TEACHERS at St Jude’s in Langwarrin have a big job ahead of them as students return to campus this month, but they will have an extra set of paws on hand to help.
Maisie, a 12-week-old Cavoodle puppy, will begin her important role as a wellbeing dog at the school this week. She will meet the prep students first before being introduced to the grade one and two kids.
Maisie was bought recently by St Jude’s Principal Marita O’Sullivan. She said that the dog will be “a really happy thing to bring to the kids” as they transition back to on-campus learning. “From a principal’s point of view I could see the need for a wellbeing dog at the school. All the science says that spending time with a dog releases your happy hormones, so this was a great process to investigate,” she said.
“We are working with a fantastic program called Dogs Connect, who are helping teach Maisie to be really calm and to be relaxed in the school environment. It is really exciting because we know the difference she is going to make. The school community and staff see the difference she will make, people are excited.”
Last week, the state government announced a fund to help schools statewide bring in therapy pets. It announced a $200 million fund to help equip schools with mental health resources.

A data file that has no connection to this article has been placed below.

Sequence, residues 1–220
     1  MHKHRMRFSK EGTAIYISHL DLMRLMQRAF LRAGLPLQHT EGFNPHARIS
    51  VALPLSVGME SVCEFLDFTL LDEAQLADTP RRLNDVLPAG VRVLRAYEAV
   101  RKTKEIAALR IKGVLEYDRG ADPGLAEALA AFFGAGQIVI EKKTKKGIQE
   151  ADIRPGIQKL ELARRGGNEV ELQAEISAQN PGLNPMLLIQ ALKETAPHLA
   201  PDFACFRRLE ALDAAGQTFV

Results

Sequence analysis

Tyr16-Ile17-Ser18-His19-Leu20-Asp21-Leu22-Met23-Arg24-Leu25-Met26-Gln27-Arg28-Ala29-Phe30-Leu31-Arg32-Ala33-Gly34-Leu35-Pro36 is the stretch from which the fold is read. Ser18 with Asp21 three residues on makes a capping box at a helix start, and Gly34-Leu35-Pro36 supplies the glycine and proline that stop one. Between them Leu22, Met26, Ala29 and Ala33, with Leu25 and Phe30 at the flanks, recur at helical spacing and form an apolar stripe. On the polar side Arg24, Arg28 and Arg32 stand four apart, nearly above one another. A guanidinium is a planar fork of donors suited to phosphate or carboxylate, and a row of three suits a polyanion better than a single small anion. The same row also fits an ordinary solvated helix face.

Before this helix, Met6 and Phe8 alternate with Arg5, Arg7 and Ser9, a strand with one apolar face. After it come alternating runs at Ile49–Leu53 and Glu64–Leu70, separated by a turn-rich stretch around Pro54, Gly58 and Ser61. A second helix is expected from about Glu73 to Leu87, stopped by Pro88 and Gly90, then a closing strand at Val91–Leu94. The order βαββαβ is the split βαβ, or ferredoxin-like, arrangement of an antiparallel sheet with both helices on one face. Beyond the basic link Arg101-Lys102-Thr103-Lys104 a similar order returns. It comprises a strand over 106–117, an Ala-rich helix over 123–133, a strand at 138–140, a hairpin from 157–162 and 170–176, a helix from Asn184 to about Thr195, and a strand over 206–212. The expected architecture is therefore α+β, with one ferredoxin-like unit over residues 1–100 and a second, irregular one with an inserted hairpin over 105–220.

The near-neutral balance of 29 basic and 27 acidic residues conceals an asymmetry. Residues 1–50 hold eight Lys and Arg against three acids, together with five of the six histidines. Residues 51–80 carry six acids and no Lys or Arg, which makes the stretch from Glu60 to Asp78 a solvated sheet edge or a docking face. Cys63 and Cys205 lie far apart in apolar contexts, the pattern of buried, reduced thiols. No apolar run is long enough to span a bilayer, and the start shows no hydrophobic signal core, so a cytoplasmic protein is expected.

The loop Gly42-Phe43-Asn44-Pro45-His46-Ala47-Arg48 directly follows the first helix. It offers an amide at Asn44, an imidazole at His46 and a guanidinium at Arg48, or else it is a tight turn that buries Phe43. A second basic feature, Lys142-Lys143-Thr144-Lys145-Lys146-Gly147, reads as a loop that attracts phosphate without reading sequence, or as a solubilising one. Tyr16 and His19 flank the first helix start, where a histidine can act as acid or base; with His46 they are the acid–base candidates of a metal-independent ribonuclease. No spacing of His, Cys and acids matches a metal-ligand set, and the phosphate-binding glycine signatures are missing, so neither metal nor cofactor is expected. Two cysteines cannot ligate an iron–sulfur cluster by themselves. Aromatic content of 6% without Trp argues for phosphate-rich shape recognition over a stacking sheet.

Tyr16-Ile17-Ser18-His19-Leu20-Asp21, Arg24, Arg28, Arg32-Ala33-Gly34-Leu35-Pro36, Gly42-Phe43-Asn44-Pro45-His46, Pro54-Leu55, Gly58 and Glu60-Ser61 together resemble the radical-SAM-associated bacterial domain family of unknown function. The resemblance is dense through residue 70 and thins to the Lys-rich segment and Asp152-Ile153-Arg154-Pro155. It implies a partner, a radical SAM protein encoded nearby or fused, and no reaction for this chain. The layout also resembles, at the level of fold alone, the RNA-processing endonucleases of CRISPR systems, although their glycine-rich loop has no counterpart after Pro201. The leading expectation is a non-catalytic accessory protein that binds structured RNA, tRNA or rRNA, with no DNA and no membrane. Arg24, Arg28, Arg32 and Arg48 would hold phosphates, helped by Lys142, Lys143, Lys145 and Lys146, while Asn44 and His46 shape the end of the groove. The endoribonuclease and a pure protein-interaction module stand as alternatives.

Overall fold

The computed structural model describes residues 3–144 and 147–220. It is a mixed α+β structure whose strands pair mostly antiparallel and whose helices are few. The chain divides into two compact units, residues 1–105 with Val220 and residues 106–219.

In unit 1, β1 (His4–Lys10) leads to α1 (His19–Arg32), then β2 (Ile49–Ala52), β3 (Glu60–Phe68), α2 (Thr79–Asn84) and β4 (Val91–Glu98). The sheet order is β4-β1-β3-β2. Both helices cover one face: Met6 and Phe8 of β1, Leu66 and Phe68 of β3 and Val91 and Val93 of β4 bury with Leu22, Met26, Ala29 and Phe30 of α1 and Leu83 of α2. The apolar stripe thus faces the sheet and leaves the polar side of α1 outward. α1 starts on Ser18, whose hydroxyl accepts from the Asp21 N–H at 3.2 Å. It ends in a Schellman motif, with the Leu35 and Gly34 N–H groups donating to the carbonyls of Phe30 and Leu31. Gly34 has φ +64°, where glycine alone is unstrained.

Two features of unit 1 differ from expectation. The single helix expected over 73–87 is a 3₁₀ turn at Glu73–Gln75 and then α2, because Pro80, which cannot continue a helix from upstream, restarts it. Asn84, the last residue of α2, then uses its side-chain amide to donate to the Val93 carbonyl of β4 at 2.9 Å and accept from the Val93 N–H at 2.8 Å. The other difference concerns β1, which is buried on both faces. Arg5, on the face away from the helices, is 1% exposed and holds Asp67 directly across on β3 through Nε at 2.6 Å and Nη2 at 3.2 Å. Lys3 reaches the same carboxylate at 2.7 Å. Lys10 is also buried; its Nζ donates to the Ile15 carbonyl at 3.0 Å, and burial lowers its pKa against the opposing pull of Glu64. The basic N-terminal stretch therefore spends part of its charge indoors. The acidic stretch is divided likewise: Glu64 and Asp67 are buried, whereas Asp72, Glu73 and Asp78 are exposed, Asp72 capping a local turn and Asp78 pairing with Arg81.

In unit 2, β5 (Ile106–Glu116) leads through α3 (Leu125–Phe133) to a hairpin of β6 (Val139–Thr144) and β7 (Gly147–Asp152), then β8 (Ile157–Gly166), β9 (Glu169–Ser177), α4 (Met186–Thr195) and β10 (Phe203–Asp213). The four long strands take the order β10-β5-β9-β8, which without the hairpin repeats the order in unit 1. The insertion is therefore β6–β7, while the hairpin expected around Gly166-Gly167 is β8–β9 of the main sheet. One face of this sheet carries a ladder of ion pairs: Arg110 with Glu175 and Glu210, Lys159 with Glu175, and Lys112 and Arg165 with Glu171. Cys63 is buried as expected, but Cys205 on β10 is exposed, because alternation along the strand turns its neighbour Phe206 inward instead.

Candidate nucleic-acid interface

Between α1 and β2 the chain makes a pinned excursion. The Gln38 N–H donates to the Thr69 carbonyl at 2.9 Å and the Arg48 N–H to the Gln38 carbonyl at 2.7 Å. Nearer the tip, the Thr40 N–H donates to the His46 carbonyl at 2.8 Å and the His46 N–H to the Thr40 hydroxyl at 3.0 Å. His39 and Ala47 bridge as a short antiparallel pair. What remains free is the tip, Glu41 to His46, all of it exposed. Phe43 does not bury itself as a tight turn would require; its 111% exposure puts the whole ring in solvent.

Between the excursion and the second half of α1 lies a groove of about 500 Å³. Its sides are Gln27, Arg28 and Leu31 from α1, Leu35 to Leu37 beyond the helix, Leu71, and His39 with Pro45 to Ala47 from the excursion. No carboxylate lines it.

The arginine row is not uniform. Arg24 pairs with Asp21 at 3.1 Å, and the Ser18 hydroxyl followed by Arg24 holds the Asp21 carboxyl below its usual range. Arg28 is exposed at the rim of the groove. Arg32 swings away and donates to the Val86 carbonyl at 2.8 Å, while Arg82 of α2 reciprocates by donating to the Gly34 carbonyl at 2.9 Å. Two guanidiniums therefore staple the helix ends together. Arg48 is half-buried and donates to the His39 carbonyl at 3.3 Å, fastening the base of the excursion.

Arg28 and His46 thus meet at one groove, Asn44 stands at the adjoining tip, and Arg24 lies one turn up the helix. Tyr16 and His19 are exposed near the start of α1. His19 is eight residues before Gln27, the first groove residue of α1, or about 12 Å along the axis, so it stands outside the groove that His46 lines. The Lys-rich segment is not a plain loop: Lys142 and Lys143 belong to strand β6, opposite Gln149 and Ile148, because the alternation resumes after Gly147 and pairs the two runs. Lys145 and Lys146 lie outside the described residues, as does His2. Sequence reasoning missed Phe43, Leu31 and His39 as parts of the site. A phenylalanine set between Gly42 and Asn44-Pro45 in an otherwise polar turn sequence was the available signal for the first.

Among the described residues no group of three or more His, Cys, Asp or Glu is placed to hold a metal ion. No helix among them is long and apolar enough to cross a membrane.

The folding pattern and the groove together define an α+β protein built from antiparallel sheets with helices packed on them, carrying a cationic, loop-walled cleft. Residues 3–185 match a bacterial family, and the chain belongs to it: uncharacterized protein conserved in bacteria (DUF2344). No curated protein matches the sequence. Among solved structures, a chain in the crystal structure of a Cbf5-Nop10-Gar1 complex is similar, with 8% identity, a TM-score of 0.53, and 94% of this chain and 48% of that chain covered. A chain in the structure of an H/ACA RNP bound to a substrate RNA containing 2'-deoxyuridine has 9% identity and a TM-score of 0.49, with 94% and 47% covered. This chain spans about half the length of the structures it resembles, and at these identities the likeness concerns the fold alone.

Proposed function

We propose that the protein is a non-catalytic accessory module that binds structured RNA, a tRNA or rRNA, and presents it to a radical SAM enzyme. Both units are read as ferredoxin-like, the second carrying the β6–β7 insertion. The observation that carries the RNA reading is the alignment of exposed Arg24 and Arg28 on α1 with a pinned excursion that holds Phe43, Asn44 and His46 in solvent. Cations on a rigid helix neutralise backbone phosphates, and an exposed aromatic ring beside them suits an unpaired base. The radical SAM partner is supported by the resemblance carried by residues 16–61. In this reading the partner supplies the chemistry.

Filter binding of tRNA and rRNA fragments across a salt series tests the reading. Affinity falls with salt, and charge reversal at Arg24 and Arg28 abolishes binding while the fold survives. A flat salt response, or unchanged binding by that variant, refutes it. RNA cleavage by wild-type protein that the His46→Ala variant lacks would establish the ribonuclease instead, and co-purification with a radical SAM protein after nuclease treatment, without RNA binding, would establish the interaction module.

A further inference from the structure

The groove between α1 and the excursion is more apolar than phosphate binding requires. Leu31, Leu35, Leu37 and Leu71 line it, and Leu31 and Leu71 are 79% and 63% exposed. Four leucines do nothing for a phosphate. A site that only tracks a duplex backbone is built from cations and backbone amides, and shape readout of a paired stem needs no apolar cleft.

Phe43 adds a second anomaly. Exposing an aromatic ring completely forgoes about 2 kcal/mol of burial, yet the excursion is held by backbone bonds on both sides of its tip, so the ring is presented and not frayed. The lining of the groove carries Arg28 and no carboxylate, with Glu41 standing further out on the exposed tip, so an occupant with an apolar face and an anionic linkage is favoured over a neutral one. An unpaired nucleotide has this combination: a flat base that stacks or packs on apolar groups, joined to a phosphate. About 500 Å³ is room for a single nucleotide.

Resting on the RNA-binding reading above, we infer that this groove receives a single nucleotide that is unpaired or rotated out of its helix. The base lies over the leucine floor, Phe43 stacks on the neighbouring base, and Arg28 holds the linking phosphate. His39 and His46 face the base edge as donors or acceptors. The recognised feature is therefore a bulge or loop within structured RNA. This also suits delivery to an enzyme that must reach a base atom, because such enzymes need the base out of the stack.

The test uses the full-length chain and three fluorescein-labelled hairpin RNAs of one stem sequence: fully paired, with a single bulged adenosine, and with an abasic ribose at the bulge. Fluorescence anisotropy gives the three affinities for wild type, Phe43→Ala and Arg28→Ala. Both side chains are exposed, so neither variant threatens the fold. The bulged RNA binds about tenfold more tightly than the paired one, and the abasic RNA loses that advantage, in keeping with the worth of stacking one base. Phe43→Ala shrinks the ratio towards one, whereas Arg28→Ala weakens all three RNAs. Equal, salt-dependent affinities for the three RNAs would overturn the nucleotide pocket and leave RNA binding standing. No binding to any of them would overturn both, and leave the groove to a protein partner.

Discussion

The fund was a recommendation of the Royal Commission into Victoria’s Mental Health System.
Schools will be able to access resources across three tiers based upon their needs. Tier one resources include therapy dogs, mental health first aid, anti-bullying programs, and mental health literacy training.
Tier two resources include early intervention initiatives like cross-cultural responsiveness training, and arts therapy. Tier three resources include targeted support for students experiencing mental health issues, additional mental health professionals, Headspace counselling, or suicide related support.
All state schools are expected to have access to the fund by 2024.
Education minister James Merlino said “now more than ever, our kids need support both at home and at school to make sure their wellbeing is on track. These tailored initiatives will help keep Victorian students happy and healthy, so they can focus on succeeding in their learning as we emerge from the pandemic.”
“Our schools play a central role in the development of every young Victorian – that’s why it is so important they take a leadership role in supporting student mental health,” he said.
For more information visit education.vic.gov.au/mental-health-menu-for-schools.